2. Pronounce itself on this dangerous phenomenon and advise African Heads of State and Government on the importance of taking the necessary steps including the adoption of a binding instrument to incriminate this practice and halt the impunity with which these groups commit crimes.
3. Initiate a study on the negative impact of armed militia groups on the safety and security of person in Africa, as well as the dangers they pose to national and regional peace and stability.

Done at Banjul, 26th April, 2005

Resolution on Prohibition and Prevention of Torture in Africa

We, the participants of the Forum of NGOs participating at the 37th Ordinary Session of the African Commission on Human and Peoples’ Rights and the 11th African Human Rights Book Fair, held in Banjul, The Gambia, from April 27 to May 11, 2005,

Recalling the universal and absolute character of the condemnation and prohibition of torture and other cruel, inhuman or degrading punishments or treatments;

Deeply indignant at the persistence of such acts in Africa;

Noting with satisfaction the adoption by ACHPR at its 32nd Session held from 17th to 23rd October 2002, of the Robben Island Directives on the prohibition and prevention of torture and other cruel, inhuman or degrading punishments or treatments in Africa, and of the recommendations made during the consultative meeting on the implementation of the Robben Island Directives held in Ougadougou, Burkina Faso, during its 36th Ordinary Session held in Dakar, Senegal, from 24th November to 7th December 2004;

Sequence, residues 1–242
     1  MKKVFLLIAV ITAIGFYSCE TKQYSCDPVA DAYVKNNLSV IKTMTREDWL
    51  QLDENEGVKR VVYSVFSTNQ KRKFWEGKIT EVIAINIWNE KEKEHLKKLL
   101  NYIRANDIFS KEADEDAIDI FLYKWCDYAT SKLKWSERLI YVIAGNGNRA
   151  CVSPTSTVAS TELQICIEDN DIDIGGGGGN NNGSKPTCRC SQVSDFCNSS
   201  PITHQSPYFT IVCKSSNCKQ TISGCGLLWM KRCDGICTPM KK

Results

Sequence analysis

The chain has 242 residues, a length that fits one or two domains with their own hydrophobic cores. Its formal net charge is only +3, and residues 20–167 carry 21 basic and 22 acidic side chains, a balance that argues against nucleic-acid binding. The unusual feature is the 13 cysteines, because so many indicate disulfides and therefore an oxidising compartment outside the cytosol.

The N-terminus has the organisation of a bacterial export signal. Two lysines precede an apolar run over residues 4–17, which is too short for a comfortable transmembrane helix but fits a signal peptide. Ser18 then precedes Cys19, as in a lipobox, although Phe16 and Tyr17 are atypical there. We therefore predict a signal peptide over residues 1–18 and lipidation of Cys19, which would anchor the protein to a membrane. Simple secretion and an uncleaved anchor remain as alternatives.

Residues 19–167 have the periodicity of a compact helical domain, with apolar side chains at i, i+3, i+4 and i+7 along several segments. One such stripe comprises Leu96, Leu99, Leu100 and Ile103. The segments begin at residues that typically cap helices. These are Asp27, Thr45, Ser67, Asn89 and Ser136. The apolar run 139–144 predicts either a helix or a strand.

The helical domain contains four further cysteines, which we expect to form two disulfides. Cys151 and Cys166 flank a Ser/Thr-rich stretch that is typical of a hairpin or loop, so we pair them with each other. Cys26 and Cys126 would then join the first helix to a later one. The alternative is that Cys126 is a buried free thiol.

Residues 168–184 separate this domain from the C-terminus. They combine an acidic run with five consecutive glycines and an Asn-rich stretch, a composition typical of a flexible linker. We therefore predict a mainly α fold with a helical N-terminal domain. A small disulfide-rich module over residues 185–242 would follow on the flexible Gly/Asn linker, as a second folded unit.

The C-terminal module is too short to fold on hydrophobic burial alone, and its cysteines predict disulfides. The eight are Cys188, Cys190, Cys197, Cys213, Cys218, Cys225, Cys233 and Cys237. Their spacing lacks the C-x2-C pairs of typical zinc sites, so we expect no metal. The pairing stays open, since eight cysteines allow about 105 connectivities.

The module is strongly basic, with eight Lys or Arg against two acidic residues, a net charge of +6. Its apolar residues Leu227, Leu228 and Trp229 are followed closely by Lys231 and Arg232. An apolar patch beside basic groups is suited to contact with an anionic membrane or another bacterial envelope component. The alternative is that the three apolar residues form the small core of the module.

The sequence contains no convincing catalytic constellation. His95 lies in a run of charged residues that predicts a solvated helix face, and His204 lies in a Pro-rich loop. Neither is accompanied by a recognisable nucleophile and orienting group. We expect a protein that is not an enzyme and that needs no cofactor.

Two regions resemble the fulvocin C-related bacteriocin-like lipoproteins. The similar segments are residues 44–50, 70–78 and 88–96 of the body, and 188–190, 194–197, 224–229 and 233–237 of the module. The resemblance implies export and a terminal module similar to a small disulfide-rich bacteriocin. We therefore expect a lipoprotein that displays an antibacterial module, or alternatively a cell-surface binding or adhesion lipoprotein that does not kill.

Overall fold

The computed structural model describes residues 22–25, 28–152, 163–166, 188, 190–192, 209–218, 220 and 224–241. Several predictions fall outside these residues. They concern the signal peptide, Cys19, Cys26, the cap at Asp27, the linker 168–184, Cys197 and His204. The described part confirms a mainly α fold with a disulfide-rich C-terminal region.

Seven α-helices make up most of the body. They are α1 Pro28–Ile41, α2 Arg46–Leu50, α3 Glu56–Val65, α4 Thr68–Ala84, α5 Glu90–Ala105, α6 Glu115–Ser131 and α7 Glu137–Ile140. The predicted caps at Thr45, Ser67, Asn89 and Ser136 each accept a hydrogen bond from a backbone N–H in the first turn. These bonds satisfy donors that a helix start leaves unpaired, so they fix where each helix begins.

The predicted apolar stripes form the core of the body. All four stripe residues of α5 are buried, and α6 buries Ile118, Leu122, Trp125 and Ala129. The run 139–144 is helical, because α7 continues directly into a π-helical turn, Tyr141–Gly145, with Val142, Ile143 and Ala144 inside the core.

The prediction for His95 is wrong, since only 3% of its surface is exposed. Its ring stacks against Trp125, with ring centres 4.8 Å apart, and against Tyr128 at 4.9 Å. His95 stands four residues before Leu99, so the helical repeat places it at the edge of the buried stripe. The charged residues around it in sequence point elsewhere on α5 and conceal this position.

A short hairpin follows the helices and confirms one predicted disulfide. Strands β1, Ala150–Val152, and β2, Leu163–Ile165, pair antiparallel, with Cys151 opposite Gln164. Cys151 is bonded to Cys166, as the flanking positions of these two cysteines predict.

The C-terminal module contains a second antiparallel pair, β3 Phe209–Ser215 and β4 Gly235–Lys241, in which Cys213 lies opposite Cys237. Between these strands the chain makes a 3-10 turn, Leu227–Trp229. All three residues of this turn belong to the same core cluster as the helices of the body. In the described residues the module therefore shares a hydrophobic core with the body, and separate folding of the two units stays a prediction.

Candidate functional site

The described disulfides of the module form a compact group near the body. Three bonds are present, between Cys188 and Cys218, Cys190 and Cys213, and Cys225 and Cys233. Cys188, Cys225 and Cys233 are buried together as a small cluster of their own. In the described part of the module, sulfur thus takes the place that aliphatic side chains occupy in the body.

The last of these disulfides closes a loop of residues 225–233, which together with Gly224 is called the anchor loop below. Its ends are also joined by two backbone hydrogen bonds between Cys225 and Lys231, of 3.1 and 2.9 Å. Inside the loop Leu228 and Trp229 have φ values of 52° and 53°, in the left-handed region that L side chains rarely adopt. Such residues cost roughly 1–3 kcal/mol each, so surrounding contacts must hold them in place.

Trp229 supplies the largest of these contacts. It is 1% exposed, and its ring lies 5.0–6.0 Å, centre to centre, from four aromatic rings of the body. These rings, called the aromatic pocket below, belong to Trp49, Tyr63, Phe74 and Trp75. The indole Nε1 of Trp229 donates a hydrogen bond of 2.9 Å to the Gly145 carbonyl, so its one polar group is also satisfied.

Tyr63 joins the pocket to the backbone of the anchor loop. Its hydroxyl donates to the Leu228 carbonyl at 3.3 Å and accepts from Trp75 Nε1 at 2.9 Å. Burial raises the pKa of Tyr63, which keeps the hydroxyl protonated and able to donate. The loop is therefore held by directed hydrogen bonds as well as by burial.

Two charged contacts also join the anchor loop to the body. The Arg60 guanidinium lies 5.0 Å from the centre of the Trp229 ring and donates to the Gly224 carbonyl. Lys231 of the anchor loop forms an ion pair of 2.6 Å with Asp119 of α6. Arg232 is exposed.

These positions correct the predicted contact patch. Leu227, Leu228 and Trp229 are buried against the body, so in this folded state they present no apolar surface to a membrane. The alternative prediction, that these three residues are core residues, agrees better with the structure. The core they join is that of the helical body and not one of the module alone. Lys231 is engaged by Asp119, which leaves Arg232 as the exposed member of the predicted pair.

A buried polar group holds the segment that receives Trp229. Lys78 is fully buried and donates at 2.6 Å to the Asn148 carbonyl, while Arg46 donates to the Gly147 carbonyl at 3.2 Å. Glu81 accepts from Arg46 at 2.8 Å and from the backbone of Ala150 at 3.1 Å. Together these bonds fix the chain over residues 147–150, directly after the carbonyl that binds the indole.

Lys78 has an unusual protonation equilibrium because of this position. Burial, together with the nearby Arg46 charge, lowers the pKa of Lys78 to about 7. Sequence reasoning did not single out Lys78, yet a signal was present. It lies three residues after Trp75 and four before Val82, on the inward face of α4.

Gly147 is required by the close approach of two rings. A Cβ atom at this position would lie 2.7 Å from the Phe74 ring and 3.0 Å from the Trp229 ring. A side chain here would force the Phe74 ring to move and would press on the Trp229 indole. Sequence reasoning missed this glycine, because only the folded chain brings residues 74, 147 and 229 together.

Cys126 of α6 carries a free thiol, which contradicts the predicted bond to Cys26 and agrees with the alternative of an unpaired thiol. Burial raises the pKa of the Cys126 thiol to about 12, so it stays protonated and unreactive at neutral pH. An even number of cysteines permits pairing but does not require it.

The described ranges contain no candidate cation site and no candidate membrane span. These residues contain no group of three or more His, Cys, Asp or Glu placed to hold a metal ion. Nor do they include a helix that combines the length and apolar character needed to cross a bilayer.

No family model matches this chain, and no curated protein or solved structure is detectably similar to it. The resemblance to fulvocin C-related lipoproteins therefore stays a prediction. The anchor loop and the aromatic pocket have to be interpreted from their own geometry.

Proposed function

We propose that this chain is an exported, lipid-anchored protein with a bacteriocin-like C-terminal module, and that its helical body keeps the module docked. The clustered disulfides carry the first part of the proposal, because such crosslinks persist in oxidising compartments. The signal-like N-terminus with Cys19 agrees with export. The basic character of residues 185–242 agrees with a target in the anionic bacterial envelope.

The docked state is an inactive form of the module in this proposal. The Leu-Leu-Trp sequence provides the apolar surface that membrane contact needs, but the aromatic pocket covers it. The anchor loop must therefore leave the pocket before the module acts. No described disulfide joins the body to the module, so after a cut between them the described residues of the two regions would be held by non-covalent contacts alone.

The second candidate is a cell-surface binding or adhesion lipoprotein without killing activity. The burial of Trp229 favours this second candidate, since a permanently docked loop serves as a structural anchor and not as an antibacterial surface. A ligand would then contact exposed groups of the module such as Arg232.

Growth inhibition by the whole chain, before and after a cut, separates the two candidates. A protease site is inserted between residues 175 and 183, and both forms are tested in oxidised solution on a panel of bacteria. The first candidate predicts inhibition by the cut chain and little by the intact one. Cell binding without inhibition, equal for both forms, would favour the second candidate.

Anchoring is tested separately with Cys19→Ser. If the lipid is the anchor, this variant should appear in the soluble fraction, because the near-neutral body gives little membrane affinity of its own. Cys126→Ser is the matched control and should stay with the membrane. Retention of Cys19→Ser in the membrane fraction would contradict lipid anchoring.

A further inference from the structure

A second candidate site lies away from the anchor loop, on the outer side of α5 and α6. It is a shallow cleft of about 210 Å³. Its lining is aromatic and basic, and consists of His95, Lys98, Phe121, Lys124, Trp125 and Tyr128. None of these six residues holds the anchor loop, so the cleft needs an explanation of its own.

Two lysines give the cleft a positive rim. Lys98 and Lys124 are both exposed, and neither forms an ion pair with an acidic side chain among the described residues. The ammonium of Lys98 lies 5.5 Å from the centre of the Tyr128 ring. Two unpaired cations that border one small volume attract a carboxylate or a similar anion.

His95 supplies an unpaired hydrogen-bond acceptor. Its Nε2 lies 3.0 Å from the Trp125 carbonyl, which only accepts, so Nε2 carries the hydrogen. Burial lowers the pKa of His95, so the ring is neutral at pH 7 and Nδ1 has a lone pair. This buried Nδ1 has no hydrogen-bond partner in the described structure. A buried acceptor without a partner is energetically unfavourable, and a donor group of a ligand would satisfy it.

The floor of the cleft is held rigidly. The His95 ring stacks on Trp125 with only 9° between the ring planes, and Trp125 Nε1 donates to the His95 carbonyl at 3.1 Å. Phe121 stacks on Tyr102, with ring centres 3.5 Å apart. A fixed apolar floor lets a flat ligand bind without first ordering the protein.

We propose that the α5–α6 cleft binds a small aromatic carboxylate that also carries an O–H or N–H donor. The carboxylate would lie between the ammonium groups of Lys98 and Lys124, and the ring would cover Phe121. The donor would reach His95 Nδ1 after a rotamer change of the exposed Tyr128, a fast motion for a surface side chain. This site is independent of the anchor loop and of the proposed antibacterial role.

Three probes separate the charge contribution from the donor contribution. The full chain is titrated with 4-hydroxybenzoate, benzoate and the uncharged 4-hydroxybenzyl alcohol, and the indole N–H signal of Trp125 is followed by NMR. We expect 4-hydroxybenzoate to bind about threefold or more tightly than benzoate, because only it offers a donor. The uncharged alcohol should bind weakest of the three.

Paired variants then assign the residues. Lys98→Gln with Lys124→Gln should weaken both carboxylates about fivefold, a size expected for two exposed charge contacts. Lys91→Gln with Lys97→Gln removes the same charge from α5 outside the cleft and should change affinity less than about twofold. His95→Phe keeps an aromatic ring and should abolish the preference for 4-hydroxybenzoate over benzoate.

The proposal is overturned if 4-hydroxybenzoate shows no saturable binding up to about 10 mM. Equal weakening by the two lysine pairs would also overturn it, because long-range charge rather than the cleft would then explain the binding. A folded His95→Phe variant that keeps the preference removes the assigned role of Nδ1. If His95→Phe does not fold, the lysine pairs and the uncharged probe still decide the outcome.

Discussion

Delighted with the appointment by ACHPR of a Follow up Committee of the implementation of these Directives during its 35th Session held in Banjul, the Gambia, from 23rd May to 4th June 2004;

Recommend to the 37th Session of ACHPR:

1. To adopt the recommendations of the first working session of the Follow up Committee held in Bristol, Great Britain, from 19th to 20th February 2005 and the annexed Rules of Procedure.

2. To appeal to the African States:

  • To ratify the United Nations Convention against Torture and other cruel, inhuman or degrading punishments or treatments of 10th December 1984.
  • To ratify the Optional Protocol to the United Nations Convention against Torture and other cruel, inhuman or degrading punishments or treatments of 18th December 2002 (see annexed specific draft resolution).
  • To ratify the Protocol to the African Charter establishing an African Court on Human and Peoples’ Rights of 9th June 1998 and the effective establishment of this Court.
  • To refer to the Robben Island Directives in the fulfilment of their obligations under Article 5 of the African Charter on Human and Peoples’ Rights.

3. To make systematic use of the Robben Island Directives during consideration of the periodic reports of the States.

Done at Banjul, on 26th April, 2005

Resolution on the Situation of Indigenous Populations in Africa

Forum of NGOs participating at the 37th Ordinary Session of the African Commission on Human and Peoples’ Rights and the 11th African Human Rights Book Fair, held in Banjul, The Gambia, from April 27 to May 11, 2005,

We, the Organisations working for the protection of and respect for the rights of indigenous populations/communities and minorities in Africa, as recognised by the African Charter on Human and Peoples’ Rights,